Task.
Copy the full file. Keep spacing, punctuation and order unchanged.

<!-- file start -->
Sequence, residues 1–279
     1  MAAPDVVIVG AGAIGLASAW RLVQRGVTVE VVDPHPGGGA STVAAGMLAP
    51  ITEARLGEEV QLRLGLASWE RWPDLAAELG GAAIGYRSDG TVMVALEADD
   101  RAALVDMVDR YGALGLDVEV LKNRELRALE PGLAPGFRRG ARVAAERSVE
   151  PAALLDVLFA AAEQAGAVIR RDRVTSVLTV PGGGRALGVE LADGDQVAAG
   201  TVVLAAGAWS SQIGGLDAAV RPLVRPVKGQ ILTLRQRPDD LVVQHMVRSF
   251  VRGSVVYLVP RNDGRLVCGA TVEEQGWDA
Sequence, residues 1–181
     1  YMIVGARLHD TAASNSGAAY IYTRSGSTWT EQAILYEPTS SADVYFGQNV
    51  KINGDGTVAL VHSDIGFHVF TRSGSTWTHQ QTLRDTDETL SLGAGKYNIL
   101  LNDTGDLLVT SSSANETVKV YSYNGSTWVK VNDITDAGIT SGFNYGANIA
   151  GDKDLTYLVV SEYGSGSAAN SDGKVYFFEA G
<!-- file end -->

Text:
Sequence, residues 1–279
     1  MAAPDVVIVG AGAIGLASAW RLVQRGVTVE VVDPHPGGGA STVAAGMLAP
    51  ITEARLGEEV QLRLGLASWE RWPDLAAELG GAAIGYRSDG TVMVALEADD
   101  RAALVDMVDR YGALGLDVEV LKNRELRALE PGLAPGFRRG ARVAAERSVE
   151  PAALLDVLFA AAEQAGAVIR RDRVTSVLTV PGGGRALGVE LADGDQVAAG
   201  TVVLAAGAWS SQIGGLDAAV RPLVRPVKGQ ILTLRQRPDD LVVQHMVRSF
   251  VRGSVVYLVP RNDGRLVCGA TVEEQGWDA
Sequence, residues 1–181
     1  YMIVGARLHD TAASNSGAAY IYTRSGSTWT EQAILYEPTS SADVYFGQNV
    51  KINGDGTVAL VHSDIGFHVF TRSGSTWTHQ QTLRDTDETL SLGAGKYNIL
   101  LNDTGDLLVT SSSANETVKV YSYNGSTWVK VNDITDAGIT SGFNYGANIA
   151  GDKDLTYLVV SEYGSGSAAN SDGKVYFFEA G